Remembrance ceremony and parade, London 2017

The Association of Jewish Ex-servicemen & Women

It was a glorious, sunny autumn day for the AJEX Annual Remembrance Ceremony and Parade at the Cenotaph in London yesterday

Kitchener camp, AJEX parade
AJEX parade 2017
Source Front cover, AJEX Ceremony and Parade booklet, 2017

The skies were deep blue, and the air was cold and crisp: it couldn’t have been a better setting or a more beautiful day

Since writing about it the other week, I have heard from a number of our descendants who have been very involved with AJEX parades in the past, but I hadn’t ever been to one myself. It was incredibly moving – and perhaps especially so in the context of all this work going on for the Kitchener camp project

Chief Rabbi Ephraim Mirvis presided over prayers, including the beautiful Psalm 23, a prayer for the safety of the Armed Forces, and a memorial prayer. Those attending were asked to remember the fallen in war, and those killed in the Holocaust

As the sound of Kaddish arose around us, I couldn’t think of a public ceremony that has been more moving, or more heartfelt

The wreaths were laid as people were enjoined to remember those who served their country and gave their lives for us all

For many descendants reading this page today, this was a ceremony that honoured the war service of our fathers and grandfathers, fighting against the Nationalist Socialists, at a time when others in our families were being slaughtered

We will remember them


Later, as I looked through the memorial book of service, my eye was drawn to a particular piece of text, shown below

Source Front cover, AJEX Ceremony and Parade booklet, 2017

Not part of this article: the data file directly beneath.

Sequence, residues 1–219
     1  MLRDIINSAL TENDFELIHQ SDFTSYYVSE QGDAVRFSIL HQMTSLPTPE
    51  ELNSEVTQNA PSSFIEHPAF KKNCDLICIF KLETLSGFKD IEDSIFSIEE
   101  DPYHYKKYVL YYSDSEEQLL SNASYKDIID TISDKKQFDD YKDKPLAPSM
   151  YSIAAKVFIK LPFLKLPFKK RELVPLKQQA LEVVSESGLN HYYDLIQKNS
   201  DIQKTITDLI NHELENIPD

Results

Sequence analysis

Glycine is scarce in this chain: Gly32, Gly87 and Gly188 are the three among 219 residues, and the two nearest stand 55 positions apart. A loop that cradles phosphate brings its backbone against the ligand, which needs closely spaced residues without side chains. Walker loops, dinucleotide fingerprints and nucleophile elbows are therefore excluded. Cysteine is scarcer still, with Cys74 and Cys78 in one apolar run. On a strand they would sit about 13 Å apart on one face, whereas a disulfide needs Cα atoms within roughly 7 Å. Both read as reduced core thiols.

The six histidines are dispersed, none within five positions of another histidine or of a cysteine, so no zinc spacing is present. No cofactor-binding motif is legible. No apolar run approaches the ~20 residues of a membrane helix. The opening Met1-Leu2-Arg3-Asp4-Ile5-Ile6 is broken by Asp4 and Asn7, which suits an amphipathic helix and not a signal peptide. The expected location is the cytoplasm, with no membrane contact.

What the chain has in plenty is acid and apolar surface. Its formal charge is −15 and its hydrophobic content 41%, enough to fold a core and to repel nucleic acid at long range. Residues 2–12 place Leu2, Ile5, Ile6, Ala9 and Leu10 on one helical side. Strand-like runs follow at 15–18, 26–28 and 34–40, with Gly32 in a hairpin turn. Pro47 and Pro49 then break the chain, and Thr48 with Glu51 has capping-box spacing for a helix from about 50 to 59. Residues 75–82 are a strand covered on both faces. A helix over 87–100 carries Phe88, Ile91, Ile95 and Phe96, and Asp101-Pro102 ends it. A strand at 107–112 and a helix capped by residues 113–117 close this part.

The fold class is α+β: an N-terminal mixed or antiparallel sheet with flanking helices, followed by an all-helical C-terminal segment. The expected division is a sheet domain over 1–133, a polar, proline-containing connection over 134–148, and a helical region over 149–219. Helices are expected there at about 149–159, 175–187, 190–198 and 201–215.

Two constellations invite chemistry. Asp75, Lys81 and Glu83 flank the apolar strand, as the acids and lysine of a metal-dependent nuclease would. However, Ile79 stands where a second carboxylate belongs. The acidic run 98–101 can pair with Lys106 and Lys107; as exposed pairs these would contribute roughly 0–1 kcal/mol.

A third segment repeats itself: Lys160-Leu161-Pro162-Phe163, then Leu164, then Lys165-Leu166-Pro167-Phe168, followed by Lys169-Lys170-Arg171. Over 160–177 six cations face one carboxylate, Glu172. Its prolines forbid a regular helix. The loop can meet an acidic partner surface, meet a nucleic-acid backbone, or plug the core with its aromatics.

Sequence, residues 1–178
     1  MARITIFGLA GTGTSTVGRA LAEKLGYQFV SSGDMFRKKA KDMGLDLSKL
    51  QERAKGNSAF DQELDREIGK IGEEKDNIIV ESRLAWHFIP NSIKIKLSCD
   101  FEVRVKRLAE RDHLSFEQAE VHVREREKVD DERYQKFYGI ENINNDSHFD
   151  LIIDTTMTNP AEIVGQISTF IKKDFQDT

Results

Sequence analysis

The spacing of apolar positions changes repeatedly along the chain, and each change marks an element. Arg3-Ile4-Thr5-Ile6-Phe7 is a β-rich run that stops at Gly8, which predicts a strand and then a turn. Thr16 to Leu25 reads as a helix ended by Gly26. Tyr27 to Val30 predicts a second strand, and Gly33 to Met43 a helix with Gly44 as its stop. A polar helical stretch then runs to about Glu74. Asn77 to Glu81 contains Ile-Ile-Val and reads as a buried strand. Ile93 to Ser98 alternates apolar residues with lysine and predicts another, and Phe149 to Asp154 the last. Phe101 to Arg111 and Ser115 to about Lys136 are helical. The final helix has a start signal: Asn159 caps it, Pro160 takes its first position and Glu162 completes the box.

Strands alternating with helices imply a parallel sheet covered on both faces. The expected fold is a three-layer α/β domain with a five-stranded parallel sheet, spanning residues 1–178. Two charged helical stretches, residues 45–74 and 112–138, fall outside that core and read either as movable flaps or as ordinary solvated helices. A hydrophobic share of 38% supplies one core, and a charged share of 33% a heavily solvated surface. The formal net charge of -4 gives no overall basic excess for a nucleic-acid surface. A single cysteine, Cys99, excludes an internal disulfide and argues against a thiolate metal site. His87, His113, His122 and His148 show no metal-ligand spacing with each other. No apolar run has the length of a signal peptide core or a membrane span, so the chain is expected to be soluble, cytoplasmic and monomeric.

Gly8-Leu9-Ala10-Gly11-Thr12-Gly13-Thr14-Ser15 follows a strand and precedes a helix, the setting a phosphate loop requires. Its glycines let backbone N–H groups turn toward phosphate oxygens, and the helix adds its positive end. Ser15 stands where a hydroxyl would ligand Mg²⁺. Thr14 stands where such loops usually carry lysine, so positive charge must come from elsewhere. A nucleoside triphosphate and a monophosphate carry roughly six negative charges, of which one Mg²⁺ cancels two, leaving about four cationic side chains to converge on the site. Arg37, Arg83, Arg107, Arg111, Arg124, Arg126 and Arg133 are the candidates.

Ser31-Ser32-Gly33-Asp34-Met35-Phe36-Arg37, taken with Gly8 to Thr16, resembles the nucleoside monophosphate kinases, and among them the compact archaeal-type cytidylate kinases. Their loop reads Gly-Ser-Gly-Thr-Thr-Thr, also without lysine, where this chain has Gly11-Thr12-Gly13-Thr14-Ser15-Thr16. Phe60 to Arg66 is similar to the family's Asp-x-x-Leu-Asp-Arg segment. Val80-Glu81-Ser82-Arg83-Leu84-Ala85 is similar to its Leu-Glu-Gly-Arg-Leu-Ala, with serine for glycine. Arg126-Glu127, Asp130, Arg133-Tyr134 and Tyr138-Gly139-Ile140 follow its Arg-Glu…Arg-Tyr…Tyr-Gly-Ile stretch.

I like to think that I have a reasonable level of knowledge about this subject area, but I had no idea that one and a half million Jews fought for the Allied Forces in World War Two. I had never really given any thought to numbers in this context, but that seems huge, given the overall Jewish population at the time, and given that many lived in places where fighting wasn’t an option. It seemed extraordinary

On further reflection today, what seems perhaps more extraordinary is the fact that I didn’t know that number. Did you?

And if I’ve never heard that figure – when I have worked on and off in this area all my life – what are the chances that Joe Public hasn’t a clue that this is a significant part of our history during the war?

Perhaps, like Kitchener, it is time that more on this subject is known – and discussed – and honoured


I have been trying to find out a bit more about these figures. Yad Vashem has something here, for example:

There is also an article by Tamar Ketko, ‘Not victims: The image of Jews in World War Two’, published by Taylor & Francis. I can’t access it, because it’s behind a rather expensive pay wall, but for anyone who can, the abstract suggests it addresses precisely this issue of perceptions versus reality.


A nice write-up about the AJEX parade in Jewish News on 20th November 2017: